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The LINC (Laboratory INstrument Computer) was a early small computer (considered by many to be the first minicomputer), designed for use in laboratory environments (initially in biomedical research). The goal was to provide a computer for exclusive use by a single user; it is thus considered by many to be an important forerunner to the personal computer.

It provided real time capabilities, along with analog input, a small video screen, and a pair of small tape drives called LINC tapes (the latter being an integral part of the machine, not an optional peripheral). It was a 12-bit computer, built out of DEC System Building Blocks. The initial version had only 1024 words of core memory; it was later expanded to 2048 words.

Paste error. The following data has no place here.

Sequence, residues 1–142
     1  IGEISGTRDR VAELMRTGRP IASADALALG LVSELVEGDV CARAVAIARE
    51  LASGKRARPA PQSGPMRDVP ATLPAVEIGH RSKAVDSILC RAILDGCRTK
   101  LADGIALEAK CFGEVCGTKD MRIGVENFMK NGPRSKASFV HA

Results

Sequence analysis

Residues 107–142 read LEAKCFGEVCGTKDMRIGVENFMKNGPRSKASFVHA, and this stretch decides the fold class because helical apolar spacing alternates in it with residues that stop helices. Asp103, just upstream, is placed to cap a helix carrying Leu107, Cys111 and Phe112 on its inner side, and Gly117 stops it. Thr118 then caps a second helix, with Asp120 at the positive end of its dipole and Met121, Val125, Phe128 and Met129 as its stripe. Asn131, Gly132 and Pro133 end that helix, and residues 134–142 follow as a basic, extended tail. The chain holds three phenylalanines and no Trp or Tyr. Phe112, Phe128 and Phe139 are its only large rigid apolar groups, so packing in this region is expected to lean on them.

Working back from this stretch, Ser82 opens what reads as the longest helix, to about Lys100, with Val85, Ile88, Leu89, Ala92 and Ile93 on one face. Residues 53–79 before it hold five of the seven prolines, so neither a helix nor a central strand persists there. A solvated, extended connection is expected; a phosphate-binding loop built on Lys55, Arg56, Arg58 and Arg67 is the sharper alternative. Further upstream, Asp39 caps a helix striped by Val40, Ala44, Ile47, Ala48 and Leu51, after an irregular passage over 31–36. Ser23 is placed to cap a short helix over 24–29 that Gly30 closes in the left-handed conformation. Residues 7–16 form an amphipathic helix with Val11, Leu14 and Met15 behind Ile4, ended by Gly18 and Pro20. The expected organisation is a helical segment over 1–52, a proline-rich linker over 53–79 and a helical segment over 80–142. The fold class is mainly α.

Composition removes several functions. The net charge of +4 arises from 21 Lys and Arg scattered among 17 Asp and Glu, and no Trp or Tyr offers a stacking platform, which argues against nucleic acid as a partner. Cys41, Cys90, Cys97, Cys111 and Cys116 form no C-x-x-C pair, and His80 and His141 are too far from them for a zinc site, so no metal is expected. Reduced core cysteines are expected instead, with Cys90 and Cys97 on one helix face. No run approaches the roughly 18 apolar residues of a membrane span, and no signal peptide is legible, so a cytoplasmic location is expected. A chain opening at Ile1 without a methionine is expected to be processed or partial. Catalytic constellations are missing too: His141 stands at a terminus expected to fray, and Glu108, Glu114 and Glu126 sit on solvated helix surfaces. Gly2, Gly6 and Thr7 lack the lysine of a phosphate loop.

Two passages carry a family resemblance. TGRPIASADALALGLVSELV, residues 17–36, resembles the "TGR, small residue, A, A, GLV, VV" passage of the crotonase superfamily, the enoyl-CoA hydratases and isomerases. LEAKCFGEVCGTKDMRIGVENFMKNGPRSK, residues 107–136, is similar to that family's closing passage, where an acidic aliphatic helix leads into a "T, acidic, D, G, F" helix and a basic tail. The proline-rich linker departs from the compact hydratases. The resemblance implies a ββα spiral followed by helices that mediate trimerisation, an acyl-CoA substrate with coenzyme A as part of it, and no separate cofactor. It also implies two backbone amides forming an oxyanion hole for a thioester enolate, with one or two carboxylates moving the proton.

It was designed starting in 1960 by Wesley A. Clark (who conceived of the basic concept of the machine); he had considerable design assistance from Charles Molnar. The prototype first ran in Match of 1962; the first batch of machines were completed in a workshop for their eventual users held in the summer of 1963.

The project started at MIT's Lincoln Laboratory, then moved to MIT itself in January 1963 (because a switch to funding from NIH didn't interact well with Lincoln Labs' Air Force funding); after a big political fight at MIT over control, the project moved out to Washington University in St. Louis in the summer of 1964.

It was originally named the 'Linc', from the project's origins, but was re-named to 'LINC'.

Further reading

Considerable detail about the development of the LINC is given in:

  • Severo M. Ornstein, "Computing in the Middle Ages"